This has been the week of the patellar tendon tear in the NFL.
Gerald McRath, a Tennessee Titans’ linebacker who had missed some playing time at the close of last season in part due to knee pain, is set for surgery to repair the partially torn left patellar tendon that has continued to hamper him. He is expected to be out for the year.
The Tampa Bay Buccaneers lost right guard Davin Joseph to a what is likely a season-ending right patellar tendon tear suffered on August 24th during a preseason victory over the New England Patriots,
Rounding out the list is promising Steelers’ rookie guard David DeCastro, who hit a terrible trifecta with a dislocated right patella, torn MCL (medial collateral ligament) and partially torn patellar tendon on August 25th in a preseason game against Buffalo. In spite of what is clearly a “severe knee injury”, optimistic reports have DeCastro returning in three to five months.
Jim Leonhard, Ryan Williams, Nate Allen and Clint Sintim are amongst NFL sufferers from recent seasons who could counsel the newest members of the patellar tendon club.
The Patellar Tendon
A tendon connects muscle to bone, while a ligament connects bone to bone.
The patella is also known as the kneecap, and the patellar tendon, which connects it to the tibia (the larger bone of the lower leg), is sometimes referred to as the patellar ligament. This tendon is a part of the extensor mechanism of the knee. The extensor mechanism also includes the quadriceps muscle (located at the front of the thigh), the quadriceps tendon (which attaches the quads to the patella), ligaments that connect the patella to the femur (thigh bone) and tibia, connective tissues that help secure and stabilize the patella, as well as the tibial tubercle (the point of attachment of the patellar tendon to the tibia).
Ruptures of the extensor mechanism occur either to the quadriceps tendon or patellar tendon and may be complete or partial. Patellar tendon ruptures generally occur in those younger than than 40 years of age, while quad tendons are more likely to rupture in those over 40. Prolonged steroid use is thought to increase the risk of rupture. When either the quad or patellar tendons are completely ruptured, the knee cannot be actively straightened at all. With a partial tear, it is generally possible to extend it at least somewhat.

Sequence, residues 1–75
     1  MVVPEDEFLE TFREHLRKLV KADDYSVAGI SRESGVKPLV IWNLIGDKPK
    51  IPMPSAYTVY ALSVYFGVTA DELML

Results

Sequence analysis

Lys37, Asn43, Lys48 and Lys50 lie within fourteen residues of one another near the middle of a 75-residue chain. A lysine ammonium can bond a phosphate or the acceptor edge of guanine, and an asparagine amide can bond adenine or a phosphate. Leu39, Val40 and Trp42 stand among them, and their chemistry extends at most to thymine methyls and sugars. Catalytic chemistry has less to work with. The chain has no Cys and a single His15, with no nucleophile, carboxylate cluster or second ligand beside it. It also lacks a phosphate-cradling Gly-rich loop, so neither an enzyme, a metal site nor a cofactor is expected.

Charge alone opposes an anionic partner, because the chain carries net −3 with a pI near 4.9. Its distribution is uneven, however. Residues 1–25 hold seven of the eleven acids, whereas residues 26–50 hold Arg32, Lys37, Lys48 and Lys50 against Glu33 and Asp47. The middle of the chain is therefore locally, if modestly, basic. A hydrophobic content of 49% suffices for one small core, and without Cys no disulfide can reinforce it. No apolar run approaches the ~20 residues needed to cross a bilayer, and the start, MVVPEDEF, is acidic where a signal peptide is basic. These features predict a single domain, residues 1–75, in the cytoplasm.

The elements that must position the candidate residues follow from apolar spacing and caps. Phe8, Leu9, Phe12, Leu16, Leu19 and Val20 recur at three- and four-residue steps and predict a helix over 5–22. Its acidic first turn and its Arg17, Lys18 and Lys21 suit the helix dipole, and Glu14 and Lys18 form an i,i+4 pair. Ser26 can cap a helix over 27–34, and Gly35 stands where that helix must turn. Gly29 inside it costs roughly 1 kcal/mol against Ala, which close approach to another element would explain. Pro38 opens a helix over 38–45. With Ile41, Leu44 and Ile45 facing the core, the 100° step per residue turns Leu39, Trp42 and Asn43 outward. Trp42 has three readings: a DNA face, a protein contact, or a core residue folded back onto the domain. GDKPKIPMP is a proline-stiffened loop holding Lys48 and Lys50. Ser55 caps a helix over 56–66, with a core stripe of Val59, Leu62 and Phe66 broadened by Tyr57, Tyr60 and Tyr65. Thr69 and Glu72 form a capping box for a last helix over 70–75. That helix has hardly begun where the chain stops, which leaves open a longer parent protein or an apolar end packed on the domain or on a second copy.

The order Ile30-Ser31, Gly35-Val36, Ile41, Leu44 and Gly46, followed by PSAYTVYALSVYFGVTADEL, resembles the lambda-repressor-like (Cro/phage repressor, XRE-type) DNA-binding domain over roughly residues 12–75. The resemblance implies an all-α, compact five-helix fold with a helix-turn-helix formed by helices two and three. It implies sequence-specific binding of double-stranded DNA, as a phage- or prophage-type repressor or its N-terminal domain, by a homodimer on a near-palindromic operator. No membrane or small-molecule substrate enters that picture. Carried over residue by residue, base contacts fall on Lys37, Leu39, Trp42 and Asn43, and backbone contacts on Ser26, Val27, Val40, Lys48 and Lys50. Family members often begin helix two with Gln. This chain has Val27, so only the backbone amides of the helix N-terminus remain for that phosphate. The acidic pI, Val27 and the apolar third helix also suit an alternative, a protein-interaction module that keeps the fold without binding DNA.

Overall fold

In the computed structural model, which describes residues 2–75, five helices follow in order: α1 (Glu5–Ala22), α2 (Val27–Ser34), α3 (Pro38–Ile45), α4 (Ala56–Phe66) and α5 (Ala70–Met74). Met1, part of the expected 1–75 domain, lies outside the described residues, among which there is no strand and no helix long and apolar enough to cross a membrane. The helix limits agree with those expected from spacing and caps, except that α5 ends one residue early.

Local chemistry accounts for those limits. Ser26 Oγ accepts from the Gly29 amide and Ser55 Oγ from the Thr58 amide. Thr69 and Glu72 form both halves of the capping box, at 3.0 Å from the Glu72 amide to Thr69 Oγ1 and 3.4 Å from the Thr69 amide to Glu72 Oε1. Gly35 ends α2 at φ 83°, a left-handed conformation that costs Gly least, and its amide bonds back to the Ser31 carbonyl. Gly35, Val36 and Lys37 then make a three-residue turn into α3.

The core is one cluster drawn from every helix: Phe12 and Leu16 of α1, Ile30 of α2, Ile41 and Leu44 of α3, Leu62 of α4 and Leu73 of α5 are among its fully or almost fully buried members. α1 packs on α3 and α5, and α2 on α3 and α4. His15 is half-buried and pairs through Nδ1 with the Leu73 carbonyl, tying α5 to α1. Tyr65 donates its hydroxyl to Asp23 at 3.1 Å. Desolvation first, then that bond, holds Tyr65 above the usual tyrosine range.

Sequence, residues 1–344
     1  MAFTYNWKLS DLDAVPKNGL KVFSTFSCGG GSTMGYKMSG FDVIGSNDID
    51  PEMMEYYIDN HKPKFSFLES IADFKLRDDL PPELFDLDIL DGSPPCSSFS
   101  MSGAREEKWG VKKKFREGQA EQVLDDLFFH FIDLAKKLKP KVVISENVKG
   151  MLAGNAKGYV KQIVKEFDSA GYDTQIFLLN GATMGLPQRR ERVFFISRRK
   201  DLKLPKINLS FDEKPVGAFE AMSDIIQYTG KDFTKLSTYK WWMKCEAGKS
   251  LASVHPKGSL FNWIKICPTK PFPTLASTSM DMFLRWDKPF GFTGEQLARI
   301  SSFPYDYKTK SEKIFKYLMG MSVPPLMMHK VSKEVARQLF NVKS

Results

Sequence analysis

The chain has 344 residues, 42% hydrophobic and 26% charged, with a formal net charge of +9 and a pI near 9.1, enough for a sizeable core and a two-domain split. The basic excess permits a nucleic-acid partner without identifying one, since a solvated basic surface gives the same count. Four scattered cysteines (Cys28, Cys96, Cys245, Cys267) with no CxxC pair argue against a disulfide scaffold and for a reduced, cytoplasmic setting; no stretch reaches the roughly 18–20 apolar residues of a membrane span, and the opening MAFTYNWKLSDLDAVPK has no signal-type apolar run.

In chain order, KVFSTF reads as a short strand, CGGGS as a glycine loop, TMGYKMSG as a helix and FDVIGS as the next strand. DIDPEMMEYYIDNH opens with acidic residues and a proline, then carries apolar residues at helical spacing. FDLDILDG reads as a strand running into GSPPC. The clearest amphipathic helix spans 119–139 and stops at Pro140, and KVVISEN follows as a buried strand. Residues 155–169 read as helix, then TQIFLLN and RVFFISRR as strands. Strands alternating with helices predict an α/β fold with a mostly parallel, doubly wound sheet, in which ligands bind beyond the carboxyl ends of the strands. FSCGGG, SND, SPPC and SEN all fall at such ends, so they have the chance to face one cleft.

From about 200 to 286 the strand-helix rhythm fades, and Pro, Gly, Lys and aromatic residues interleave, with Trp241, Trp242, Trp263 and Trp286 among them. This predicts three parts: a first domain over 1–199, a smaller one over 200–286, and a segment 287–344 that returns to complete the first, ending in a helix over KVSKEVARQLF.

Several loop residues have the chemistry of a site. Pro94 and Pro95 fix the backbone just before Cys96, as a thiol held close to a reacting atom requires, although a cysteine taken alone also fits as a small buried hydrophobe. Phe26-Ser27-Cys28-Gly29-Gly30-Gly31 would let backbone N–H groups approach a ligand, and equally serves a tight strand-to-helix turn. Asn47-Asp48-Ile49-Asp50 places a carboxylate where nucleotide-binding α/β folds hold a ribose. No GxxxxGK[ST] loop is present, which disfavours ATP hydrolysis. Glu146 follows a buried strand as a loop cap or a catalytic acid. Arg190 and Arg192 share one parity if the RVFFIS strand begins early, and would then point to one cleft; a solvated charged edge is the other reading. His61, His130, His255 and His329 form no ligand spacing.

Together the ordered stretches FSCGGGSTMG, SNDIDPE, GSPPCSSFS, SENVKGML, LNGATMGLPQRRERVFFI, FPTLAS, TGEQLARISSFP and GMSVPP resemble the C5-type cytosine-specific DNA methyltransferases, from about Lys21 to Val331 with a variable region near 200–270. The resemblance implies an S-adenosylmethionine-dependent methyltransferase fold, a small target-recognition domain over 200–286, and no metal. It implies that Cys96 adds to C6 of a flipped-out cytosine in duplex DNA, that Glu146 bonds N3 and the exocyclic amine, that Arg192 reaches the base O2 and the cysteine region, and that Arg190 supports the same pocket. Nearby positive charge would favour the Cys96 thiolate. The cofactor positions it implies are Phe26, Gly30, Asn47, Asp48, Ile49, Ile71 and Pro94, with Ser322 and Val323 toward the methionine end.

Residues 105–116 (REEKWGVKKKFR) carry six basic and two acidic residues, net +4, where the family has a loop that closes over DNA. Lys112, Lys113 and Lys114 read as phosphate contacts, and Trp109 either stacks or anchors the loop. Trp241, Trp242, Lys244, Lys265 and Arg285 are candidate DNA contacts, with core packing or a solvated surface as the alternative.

Most ruptures of the patellar tendon occur when the knee is bent and subject to more of a demand than it can tolerate. Ruptures occur more frequently at the upper part of the tendon and its attachment to the patella than at the lowermost portion where it attaches to the tibia. A patellar tendon rupture may also be referred to as an avulsion, which is the term used to describe the tearing away of a body part. In the case of a tendon tear, a portion of the attaching bone may be torn away as well. Without the tendon to anchor it, when someone has a torn patellar tendon, the kneecap will ride upward and remain there. Interestingly, there is a greater incidence of patellar tendon ruptures amongst those of African decent. The reason for this is not absolutely clear.
Complete rupture of the patellar tendon requires surgical repair, and surgery is best if performed promptly to optimize outcomes. Partial tears may heal sufficiently depending on the degree of disruption and the demands placed on the muscle tendon unit. Newer operative procedures allow patients to avoid prolonged immobilization in a cast and work on mobility of the knee in the post-operative period. This generally accelerates recovery. However, healing and rehab is a process that cannot be rushed. A gradual restoration of full range of motion, muscle flexibility, strength and endurance as well as balance and agility is all a part of that process.